I can’t really pinpoint a place in time that I developed this philosophy of living, but the quote itself it was born during a dinner conversation with two of the most incredible women I have had the pleasure of working with when I was at the University of South Carolina: Jane (Willis) Mayer and Georgia Holmes Doran. There is no doubt that these two women had a tremendous impact in my personal growth and development, but they were certainly not the first. In fact, I’ve had the good fortune of working with women throughout my career who have encouraged, supported, and cared about me from the very beginning starting when I was a resident advisor at the University of South Carolina where Casey Goldston Giraudy was my resident hall director. She was the one who opened my eyes to the field of “student personnel services” (the O.G. name for higher education administration). The fact that she just took the time to sit down and explain to me the educational path and career options was life changing! She made a huge impact on my life.

Then there are Janet DeAndrea and RNL’s very own Sarah Keating (fun fact: Sarah is my supervisor here at RNL and was also my supervisor 24 years ago when Janet hired me as an admissions counselor at Keystone College!). Janet was shopping at the Express store in Steamtown Mall where I was a manager (where I was awaiting for the chance to get my foot in the door in higher education). Janet was shopping for her daughter and happened to say that she was the director of admissions at Keystone.She probably laughed all the way home with my overly joyful reaction telling her that working in admissions was my dream job. I also would be remiss not to mention Jennifer Hall or Dr. Denise DeZolt, who were both supervisors at different points during my time for a large online institution.Denise was the one who truly encouraged me (as well as my other co-supervisor, Dr. Darrell Luzzo) to get my doctorate.There are countless others who have supported, befriended, and encouraged me along the way.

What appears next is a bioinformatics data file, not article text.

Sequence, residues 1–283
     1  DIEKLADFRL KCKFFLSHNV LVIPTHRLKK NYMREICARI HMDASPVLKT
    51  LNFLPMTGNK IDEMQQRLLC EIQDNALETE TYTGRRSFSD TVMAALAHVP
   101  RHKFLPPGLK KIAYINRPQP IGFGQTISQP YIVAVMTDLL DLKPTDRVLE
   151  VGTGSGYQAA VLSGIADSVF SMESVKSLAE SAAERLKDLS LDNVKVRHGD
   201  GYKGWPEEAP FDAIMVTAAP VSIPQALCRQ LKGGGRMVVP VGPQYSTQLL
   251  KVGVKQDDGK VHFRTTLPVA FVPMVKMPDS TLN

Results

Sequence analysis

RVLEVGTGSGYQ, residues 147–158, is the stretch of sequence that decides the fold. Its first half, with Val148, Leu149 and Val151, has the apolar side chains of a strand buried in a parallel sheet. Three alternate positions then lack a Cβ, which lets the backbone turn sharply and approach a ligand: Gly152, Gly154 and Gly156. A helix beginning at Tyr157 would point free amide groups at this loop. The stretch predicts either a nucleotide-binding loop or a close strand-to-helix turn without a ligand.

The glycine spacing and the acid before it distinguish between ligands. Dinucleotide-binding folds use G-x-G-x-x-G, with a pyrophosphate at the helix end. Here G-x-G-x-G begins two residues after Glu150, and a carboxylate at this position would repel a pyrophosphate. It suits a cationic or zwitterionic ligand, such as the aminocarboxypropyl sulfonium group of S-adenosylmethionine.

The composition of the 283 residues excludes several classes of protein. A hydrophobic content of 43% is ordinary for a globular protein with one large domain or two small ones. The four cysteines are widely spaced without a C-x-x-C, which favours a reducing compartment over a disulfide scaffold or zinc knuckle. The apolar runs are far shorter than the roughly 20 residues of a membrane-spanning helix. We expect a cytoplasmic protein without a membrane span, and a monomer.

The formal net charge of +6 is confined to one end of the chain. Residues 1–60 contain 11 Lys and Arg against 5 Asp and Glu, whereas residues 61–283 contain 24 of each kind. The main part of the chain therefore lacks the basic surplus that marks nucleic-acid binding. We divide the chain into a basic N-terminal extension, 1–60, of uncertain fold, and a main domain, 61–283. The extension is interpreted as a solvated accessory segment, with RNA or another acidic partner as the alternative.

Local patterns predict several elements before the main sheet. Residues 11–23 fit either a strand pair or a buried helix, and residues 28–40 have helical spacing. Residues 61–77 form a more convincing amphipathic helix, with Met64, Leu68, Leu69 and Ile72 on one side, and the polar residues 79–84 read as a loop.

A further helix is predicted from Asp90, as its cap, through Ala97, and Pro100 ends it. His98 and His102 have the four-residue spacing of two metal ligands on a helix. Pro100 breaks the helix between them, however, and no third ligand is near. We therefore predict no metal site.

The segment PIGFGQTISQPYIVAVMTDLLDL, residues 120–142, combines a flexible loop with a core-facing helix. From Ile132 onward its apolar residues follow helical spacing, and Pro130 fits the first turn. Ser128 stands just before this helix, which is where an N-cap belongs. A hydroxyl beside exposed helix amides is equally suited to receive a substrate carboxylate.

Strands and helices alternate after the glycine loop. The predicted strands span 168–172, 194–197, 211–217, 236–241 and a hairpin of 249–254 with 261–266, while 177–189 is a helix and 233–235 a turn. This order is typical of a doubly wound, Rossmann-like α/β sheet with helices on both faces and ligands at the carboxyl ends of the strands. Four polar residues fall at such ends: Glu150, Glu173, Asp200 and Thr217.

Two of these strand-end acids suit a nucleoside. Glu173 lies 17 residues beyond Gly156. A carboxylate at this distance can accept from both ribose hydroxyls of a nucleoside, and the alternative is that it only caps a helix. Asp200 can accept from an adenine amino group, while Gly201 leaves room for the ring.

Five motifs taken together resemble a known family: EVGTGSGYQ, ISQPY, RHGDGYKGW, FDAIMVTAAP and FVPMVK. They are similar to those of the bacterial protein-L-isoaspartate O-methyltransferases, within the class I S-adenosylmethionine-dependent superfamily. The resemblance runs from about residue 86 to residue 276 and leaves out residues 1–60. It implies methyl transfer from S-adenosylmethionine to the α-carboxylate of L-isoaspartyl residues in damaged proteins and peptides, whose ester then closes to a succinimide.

The bottom line is that no matter how insignificant something you say to encourage another may seem to you, it could be life changing to another. Along the way, I truly have found the way to always lead with my worth and not my worry!  Women have so many things on their plate to manage, and worrying comes second nature to us. But when you can find the strength from within—which evolves from being able to build close relationships with other women in our lives—there isn’t anything we can’t do!

Sarah Keating, Vice President for Recruitment Consulting Services (bio)

Sarah Keating
Sarah Keating

When I started my career in higher education back in the nineties, I quickly noticed that leadership roles were dominated by men. When I became director of admissions at 28 years old, not only was I young to be in that position, I was also female. Fortunately, I had the privilege of having two female faculty members who were kind enough to mentor and guide me. Although highly independent and driven my entire life, I wasn’t very good at self-reflection. I was demanding of my staff and set the bar high for everyone; I also worked for a male vice president who—although extremely knowledgeable in enrollment management—had a “take no prisoners” approach to management. They knew I had the brains to do the job, but also knew that I needed some guidance on how to manage and work with people. My faculty members, both very different in themselves, gave me much needed advice. That advice was presented by example. I watched how they worked with other faculty and staff, how they communicated in meetings, and how they took time to listen to their colleagues, students, and me. An occasional glass of wine also came with a mild dose of constructive criticism and a good laugh over, “Maybe you should have handled it this way, Sarah.” They helped me to appreciate that its okay to be firm and direct, provided you do so with tact.

It wasn’t until I was much older and in a vice president role that I realized how much their guidance had shaped my approach to how I did my job, managed my staff, and my family. Having worked with over 85 campuses, I can honestly say how rewarding it is to now see so many bright woman in enrollment management leadership roles across the country. There is no way, I would be here now without those two faculty members who took it upon themselves to give me much needed guidance and support so many years ago.

How much do we pour into others?

As I wrap up this second blog about the women in higher education, I want to quote a statement by David Stoddard: Getting the most out of life isn’t about how much you keep for yourself, but how much you pour into others. This is so very true! Many thanks to my colleagues who shared their stories in these two blogs.

About the Author

Linda Hoopes

Linda Hoopes joined Ruffalo Noel Levitz in 2010 as a consultant before transitioning to her current role as Vice President, University Partnerships. Dr. Hoopes assists the team of seasoned experts who conduct the RNL Campus Opportunity...

Read more about Linda's experience and expertise

Reach Linda by e-mail at Linda.Hoopes@RuffaloNL.com.